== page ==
Review survey information and identify on site any requirements for remedial work to external render finish, bricks, brick pointing and other elements such as guttering that may cause water ingress or otherwise affect the performance of the building.
1. Render repairs: Check for loose and ‘hollow’ render. To be removed with care to minimise the amount of render removed. Areas of removed render and visible cracks in the render to be cleaned of dirt and dust. Apply new render to the areas of removed render and cracks. Prepare render surface for paint finish to be confirmed.
PREPARATION in advance of installation
2. Remove all elements that will impede the installation of the insulation (e.g. radiators on external walls to be insulated, electrical sockets etc.)
Remove sufficient timber floorboards adjacent to all external walls and returns to be insulated to allow access to area between joists and install insulation below finished floor level.
3. Intermediate floor
Where timber joists are embedded in the external wall they should be treated as follows:
· Prior to the placement on insulation, fill cracks and mortar joints around the joints ends with lime mortar. Allow to go off.
· Add a layer of lime parge coat on wall and continue onto the first 100mm of timber joist.
· Any new structural timber element mounted against the brick wall to have a rubber shim placed on the wall surface before mounting.
4. Install first fix services as shown on architect’s drawings
5. Prepare wall surface:
· Remove existing plaster unless it is a breathable finish
· Remove dust, surface contaminants and loose or friable existing plaster.
· Consolidate and level wall with lime base plaster coat where necessary, allow to dry (1 day per 1mm)
· Windows and insulated window reveals and surrounds: the windows including the rigid insulation board surrounds should be in place before starting the wall insulation installation. (Refer to section 5)
6. Insulation installation
· Apply absorbent lime plaster or manufacturer’s approved adhesive as adhesive bond
· Securely fix to wall 80mm wood fibre boards according to manufacturer specification. Ensure full adherence of the insulation to the wall avoiding any voids and removing excess adhesive/ lime plaster from between boards. Boards to be laid horizontally with staggered joints.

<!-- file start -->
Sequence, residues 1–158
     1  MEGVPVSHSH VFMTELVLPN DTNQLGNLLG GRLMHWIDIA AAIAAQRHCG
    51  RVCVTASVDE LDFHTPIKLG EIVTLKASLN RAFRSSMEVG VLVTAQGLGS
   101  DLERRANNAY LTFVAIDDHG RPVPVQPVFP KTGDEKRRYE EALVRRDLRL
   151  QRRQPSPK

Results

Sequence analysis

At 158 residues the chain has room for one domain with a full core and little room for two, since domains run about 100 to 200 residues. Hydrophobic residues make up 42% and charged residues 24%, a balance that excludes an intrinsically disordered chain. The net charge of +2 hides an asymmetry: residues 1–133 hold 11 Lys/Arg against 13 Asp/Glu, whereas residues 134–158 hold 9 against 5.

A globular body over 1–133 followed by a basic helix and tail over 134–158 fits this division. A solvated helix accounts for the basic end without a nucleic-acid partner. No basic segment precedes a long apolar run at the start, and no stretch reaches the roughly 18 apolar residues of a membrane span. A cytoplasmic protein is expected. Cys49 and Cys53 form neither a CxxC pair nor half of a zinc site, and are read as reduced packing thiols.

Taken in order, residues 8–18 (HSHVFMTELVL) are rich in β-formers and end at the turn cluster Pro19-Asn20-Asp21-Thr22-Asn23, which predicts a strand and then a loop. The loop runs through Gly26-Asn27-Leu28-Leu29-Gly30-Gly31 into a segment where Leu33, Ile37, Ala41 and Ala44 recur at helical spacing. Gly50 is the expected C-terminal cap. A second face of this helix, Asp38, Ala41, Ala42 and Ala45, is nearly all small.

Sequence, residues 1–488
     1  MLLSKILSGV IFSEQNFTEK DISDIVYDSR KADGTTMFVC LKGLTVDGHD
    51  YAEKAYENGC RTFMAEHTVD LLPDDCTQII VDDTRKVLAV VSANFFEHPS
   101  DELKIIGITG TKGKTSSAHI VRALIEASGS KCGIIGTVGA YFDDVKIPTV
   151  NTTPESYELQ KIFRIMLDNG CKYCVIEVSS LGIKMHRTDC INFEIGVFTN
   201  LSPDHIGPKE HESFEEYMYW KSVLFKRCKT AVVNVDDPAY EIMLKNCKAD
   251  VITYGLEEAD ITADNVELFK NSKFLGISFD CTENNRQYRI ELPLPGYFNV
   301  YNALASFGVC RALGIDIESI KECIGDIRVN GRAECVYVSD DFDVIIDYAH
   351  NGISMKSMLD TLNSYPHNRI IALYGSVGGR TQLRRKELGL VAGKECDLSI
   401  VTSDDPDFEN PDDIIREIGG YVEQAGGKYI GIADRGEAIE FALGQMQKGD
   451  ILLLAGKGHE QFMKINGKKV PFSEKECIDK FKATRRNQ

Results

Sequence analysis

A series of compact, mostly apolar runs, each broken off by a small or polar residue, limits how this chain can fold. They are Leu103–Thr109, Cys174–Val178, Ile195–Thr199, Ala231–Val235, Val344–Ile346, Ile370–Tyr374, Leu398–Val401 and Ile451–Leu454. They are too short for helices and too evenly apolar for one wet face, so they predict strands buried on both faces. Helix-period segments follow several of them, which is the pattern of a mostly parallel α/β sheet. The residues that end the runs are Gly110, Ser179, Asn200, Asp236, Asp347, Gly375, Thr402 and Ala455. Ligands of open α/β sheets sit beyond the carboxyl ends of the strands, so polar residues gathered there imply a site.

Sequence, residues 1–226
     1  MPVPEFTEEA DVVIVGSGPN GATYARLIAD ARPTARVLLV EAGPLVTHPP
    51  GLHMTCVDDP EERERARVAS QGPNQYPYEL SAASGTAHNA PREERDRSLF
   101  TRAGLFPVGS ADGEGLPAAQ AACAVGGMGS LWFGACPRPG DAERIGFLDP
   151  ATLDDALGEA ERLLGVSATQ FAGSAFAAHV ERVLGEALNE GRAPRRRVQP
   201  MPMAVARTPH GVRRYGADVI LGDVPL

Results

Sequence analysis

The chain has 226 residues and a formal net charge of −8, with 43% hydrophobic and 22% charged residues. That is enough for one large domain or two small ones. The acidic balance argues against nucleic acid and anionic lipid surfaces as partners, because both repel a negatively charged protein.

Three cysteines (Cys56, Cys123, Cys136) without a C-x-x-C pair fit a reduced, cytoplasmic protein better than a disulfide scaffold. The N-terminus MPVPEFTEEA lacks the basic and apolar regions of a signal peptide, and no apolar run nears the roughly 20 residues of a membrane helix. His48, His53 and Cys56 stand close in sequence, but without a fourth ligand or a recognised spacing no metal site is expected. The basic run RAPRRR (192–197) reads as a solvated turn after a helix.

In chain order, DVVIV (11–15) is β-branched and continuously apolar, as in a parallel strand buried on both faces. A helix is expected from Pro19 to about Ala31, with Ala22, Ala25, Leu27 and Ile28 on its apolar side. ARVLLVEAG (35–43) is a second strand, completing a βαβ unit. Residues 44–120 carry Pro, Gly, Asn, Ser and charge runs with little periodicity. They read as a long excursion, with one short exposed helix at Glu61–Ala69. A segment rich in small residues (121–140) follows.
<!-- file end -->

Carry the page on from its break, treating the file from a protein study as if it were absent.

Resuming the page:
· Ensure continuous insulation around windows as per drawings below
· Insulate minimum 600mm of internal partitions abutting the external wall as shown on plans
· Once adhesive/ lime plaster is dry, install mechanical fixings to manufacturer’s recommendations.
7. Associated elements
· Carry out electrical and plumbing second fix.
· Install and finish window cills
· Decorate with vapour permeable paint
The external wall must be fully intact and able to prevent water ingress. Joints should be fully filled, and any crack should be repaired to avoid water ingress. Water can otherwise penetrate to the interior side of the wall and the insulation could become damp and ineffective.
CONTINUOUS INSULATION AND REDUCING RISK OF MOULD
The exterior wall should be insulated as comprehensively as possible without leaving un-insulated areas, junctions with other elements and penetrations.
Any uninsulated areas would result in areas of the wall being colder than the surrounding and liable to mould growth as humidity condenses on the colder parts of the walls.
Timber joists set in external walls can be associated with gaps in the building fabric that can allow warm air to escape, thus increasing heating requirements. By sealing around the joists and applying a parge layer the ventilation gaps should be sealed.
REDUCING RISK OF MOULD
To avoid vapour condensing within the structure all materials used in the wall construction should be vapour permeable. Vapour permeable materials are less likely to trap moisture in the construction, which may condense at low temperatures.
EFFECTIVE AND CONTINUOUS INSULATION
Ensuring full adherence of the insulation to the wall will avoid air gaps between the two materials. Air gaps between building materials can transfer hot and cold air in and out of the building and reduce the effectiveness of the insulation.
The wall within the floor void needs to be insulated to achieve a continuous insulation layer around the whole building.